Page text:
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Photograph of Crowfoot, Head Chief of the Blackfoot Nation, 1887


Crowfoot, Head Chief of the Blackfoot Nation, 1887. Crowfoot refused to let his followers join the Northwest Rebellion because he thought it was a lost battle

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Famous Moments

Northwest Rebellion

When the Northwest Rebellion broke out, the military was needed to stop the Métis and Native uprising. Cornelius Van Horne, the president of the Canadian Pacific Railway, offered to transport the troops to the location of the rebellion within ten days. There was just one problem. The railway wasn't finished. A total of 86 miles of tracks were still missing in four different places, north of Lake Superior.

On March 30, 1885, troops left Toronto aboard the first train. Over the next few days, other troops left from other cities. At Dog Lake, the first gap in the tracks, the men were put into sleighs pulled by horses. The sleighs often overturned in the deep snow, tossing the men overboard. Frostbite was a constant danger. At Birch Lake, they boarded a train that had only open cars and no escape from the cold.

At the gap at Port Munro, the men had to march across the ice of Lake Superior. One soldier wrote home: "I can tell you I'll never forget that march, ... We dared not stop an instant as we were in great danger of being frozen, although the sun was taking the skin off our faces. One man of our company went mad and one of the regulars went blind from snow glare."
The Great Railway: Illustrated, by Pierre Berton. Toronto: McClelland and Stewart, ©1972, p. 294

After the third gap at Winston's Dock came the final and worst gap. It was a ten-mile march over the melting ice of Nepigon Bay (Nepigon Bay is now spelled Nipigon Bay). The men stumbled in exhaustion, and many fell and couldn't get up. When at last they reached the final train, many didn't have the strength to drink the hot tea they received.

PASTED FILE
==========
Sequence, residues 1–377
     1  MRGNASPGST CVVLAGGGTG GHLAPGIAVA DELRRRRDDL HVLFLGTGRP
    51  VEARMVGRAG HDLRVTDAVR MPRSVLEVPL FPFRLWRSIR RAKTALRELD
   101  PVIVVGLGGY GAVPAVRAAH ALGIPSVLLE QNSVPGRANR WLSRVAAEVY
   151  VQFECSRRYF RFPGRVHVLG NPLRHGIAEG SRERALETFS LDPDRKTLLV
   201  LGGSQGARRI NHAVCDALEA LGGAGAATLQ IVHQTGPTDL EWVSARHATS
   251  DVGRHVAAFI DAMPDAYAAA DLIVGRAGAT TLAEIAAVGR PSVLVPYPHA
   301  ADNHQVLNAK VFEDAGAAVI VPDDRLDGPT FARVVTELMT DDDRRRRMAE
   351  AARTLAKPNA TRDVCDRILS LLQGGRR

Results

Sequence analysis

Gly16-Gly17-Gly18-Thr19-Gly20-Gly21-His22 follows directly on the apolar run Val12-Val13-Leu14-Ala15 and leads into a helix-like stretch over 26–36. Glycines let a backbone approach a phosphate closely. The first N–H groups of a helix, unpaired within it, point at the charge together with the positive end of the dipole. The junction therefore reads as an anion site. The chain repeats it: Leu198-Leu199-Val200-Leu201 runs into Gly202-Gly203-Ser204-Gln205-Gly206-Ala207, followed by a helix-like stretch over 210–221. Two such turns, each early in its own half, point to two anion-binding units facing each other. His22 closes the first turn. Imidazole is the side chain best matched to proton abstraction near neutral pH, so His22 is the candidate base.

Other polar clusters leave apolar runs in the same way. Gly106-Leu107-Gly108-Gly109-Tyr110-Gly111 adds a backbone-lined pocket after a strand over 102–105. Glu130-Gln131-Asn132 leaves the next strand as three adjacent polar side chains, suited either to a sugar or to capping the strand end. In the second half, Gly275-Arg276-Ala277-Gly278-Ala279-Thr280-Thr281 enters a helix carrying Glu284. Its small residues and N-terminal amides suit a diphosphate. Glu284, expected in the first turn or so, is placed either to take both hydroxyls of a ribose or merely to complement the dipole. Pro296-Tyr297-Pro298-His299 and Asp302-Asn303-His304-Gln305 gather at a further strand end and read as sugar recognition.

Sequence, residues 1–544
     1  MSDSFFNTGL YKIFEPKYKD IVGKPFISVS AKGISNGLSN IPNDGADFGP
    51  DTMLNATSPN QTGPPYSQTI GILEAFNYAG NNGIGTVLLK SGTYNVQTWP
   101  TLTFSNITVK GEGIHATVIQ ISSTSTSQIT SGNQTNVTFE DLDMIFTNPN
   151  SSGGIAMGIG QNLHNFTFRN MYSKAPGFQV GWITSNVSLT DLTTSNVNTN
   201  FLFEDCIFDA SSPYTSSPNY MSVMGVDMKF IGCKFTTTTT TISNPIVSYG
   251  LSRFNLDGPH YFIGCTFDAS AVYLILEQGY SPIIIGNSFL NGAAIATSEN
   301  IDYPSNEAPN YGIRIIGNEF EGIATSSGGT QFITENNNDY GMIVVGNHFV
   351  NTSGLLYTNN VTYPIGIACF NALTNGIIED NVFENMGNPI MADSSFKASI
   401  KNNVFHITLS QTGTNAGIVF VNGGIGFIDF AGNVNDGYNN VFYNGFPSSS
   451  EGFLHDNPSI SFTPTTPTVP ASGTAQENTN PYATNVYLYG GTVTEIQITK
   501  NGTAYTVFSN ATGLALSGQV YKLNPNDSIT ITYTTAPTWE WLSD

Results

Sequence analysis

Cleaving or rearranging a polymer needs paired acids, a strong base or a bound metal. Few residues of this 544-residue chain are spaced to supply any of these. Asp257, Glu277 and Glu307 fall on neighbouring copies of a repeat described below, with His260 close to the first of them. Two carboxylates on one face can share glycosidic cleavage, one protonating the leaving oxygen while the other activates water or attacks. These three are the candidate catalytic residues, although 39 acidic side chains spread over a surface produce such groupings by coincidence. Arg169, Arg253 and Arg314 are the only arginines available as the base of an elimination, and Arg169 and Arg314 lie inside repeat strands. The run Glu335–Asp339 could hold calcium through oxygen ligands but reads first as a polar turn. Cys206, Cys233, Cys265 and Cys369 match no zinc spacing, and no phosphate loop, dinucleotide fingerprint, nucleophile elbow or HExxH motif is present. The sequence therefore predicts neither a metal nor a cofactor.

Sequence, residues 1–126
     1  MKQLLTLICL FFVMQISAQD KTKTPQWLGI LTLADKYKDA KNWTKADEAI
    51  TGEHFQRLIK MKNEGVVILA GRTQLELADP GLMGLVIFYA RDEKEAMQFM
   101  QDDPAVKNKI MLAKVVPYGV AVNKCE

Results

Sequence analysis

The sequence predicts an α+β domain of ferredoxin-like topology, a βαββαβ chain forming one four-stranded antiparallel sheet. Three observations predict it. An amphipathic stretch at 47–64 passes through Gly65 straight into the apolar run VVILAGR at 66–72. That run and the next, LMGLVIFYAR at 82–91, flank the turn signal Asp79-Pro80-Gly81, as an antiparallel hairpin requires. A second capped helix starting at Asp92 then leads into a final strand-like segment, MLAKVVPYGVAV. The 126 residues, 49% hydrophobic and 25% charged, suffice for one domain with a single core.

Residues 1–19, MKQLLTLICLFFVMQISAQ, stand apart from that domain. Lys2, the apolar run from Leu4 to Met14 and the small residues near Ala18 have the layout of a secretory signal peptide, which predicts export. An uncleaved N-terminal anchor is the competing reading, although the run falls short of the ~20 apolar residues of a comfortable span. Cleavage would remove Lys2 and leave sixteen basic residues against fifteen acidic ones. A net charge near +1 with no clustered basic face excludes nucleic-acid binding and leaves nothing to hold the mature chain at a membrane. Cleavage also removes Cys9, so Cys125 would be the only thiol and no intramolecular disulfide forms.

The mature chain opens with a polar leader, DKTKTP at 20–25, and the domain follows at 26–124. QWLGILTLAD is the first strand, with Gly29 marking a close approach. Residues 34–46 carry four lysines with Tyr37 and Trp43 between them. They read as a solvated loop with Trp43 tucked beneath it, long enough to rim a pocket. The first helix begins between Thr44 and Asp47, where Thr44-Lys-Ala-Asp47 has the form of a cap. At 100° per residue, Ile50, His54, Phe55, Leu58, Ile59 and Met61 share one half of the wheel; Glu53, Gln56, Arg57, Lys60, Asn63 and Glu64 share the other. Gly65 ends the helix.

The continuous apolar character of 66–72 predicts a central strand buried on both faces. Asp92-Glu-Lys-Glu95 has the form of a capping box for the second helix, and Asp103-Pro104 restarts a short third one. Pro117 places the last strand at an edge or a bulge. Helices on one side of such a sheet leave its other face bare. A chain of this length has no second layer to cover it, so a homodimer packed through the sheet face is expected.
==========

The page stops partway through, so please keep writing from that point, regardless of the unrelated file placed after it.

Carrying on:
Even with the gaps in the track, the 8,000 troops were able to make the journey in nine days. In 1870, it had taken troops three months to travel to the West during the Red River uprising. The railway had proven its usefulness and the Canadian government provided the money Van Horne needed to finish the Canadian Pacific Railway.

"In the cars the men, as soon as they were quartered, began putting their heads out the windows and bidding affectionate farewells without any sign of grief, to their friends. As the train moved at a snail's pace past the Union Station, ... handkerchiefs, tuques, forage caps, side-arms, socks, and even undershirts and drawers were waved, in response to the hearty cheering and hat waving of the immense multitude...."
"Gone! Tens of Thousands See Them Off", The Globe, March 31, 1885, p. 3

Listen to This

Part of an interview with G.H. Needler, about travelling to Saskatchewan to help put an end to the Northwest Rebellion of 1885, recorded around 1956 (running time: 5 min, 49 s;)
[RM 4,152 KB] / Source

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On a summer day in 1883, in recognition for his service to the Canadian Pacific Railway, Father Albert Lacombe was guest of honour at a luncheon aboard the private railcar of Cornelius Van Horne, the president of the railway. Father Lacombe was made president of the Canadian Pacific Railway for one hour. He immediately gave himself two lifetime railway passes, free telegraph service for life, and free freight transportation for the Oblate missions.

Field Trip

Van Horne's private railway car is now in the Canadian Railway Museum at Delson/St-Constant, Quebec. It still has its original furniture, rugs and mahogany wood panelling.

Big Bear, Chief of the Plains Cree, recommended peace during the Northwest Rebellion. However, some of his followers killed nine white men and burned Fort Pitt. Poundmaker, a Cree chief and the adopted son of Crowfoot, did not participate in the Rebellion. He was able to stop his men from chasing the retreating soldiers who had come to attack their camp, but some of his followers ransacked the abandoned village of Battleford and attacked the fort. Despite their efforts at peace, both Big Bear and Poundmaker were tried for treason-felony and sentenced to three years in prison.

Read More

Soldier Boys, by David Richards, Saskatoon: Thistledown Press, 1993, 254 p. Ages 11 to 15

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